Dr Gajaraj Dhanarajan, head of the Commonwealth of Learning, argues that changes
in supply and demand are forcing a reassessment of the role of distance
Advanced and new democracies, as they begin to prepare for the challenges and
opportunities of the next millennium, are struggling to make learning and
knowledge a central aspect of their social and economic activity. Until the
mid-1960s, education was no more than an initiation into social and economic
life; today's ambition is to make the acquisition of knowledge a lifelong
activity in which the school becomes the laboratory for making individuals mature
learners, with an autonomous capacity to self-learn throughout their lives.
Adult students, like those who choose to study at open universities, clearly know
what they want to learn, when they want to learn it and how to go about it.
Institutions have to be sensitive to the desires of their learners and not to the
desires of the staff. Schools, colleges and universities are devising curricula,
delivery methods, assessments and award-making to recognise the new learners and
their needs. It now seems possible to think of a learner-centred environment, as
opposed to one where learners had to fit in with the agenda of faculty and
The nature of the supply is therefore changing in a number of ways, but most
notably in three areas:
Many institutions are becoming open to
non-traditional learners, offering a wide variety of courses of flexible duration
and allowing students to move freely between off- and on-campus. Parallel with
this is the arrival of new providers of education, such as multinational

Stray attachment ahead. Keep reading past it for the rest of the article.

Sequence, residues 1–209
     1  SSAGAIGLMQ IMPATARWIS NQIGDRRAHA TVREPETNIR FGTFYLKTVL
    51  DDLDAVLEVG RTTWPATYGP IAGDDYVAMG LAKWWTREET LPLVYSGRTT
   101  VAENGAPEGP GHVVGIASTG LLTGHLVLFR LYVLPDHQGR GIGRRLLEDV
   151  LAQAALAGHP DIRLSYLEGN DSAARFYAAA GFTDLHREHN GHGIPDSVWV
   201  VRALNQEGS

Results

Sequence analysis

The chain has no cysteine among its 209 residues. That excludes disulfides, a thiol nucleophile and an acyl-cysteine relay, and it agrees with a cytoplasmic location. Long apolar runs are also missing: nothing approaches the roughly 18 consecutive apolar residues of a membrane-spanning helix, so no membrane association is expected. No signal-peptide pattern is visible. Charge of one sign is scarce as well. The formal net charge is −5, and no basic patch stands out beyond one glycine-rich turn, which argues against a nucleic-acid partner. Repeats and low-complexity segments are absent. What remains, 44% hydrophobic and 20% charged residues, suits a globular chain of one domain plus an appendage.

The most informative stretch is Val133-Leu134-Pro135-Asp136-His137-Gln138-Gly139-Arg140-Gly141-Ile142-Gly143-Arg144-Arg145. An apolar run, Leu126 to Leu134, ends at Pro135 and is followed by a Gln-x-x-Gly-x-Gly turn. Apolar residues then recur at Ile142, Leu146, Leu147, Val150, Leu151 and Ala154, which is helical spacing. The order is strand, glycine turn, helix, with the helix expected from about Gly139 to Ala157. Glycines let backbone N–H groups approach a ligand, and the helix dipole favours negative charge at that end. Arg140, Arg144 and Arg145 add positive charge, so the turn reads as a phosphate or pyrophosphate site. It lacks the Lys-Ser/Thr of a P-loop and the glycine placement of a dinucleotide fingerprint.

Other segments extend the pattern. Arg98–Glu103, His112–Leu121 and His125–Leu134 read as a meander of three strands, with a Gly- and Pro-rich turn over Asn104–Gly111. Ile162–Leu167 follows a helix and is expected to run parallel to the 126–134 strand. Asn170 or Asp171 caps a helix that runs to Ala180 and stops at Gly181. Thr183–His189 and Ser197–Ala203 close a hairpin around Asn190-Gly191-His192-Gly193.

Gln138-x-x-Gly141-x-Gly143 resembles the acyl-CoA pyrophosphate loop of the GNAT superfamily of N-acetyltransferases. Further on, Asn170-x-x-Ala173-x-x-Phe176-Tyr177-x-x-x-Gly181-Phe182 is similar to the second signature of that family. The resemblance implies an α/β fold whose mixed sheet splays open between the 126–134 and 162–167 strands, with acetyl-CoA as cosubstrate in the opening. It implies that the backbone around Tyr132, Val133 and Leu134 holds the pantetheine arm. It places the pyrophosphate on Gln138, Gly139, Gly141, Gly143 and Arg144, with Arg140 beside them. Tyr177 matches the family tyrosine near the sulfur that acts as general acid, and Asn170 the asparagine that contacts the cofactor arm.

companies and huge national conglomerates.
This is changing rapidly with the arrival of faster,
interactive worldwide-based technologies. The potential for low-cost 'real time'
communication between any group of people from anywhere in the world using video,
audio and written mode is allowing educators to deliver knowledge and skills
almost as effectively as traditional delivery methods. The benefit of the newer
technologies is not so much in the conquest of distance between learner and
teacher (though this is important) but in the transformation of the relationship
between learners, teachers and learning equipment. Students will truly have an
opportunity, with advanced software development, to be in control of their
Greater expansion in educational demand is taking place at
a time when our economic climate is worsening. Governments will be hard pressed
to loosen control of the educational process as well as their role in financing
these ventures. Those who benefit immediately from education and training will be
expected to meet the cost of the service themselves.
It is clear from the development of distance education over the last four decades
that good quality training and education have become increasingly more accessible
to a far wider range of users.
Although there has already been remarkable progress, the next four decades should
see education reaching out to an even wider group of individuals among whom the
following should feature prominently:
Providing opportunities to a diverse group of learners separated by space, time,
prior learning skills, and new educational and training needs will need an
infrastructure that is flexible, global in reach, interactive and affordable.
Invariably using technological enhancements, some very responsive systems have
been developed at many institutions throughout the world. But this is not enough;
we need to accelerate this change.
- unskilled workers whose job categories are in decline;
- the long-term unemployed;
- women and girls;
- adults who are illiterate and those with low functional literacy;
- recent immigrants and refugees;
- people with disabilities;
- and non-nationals.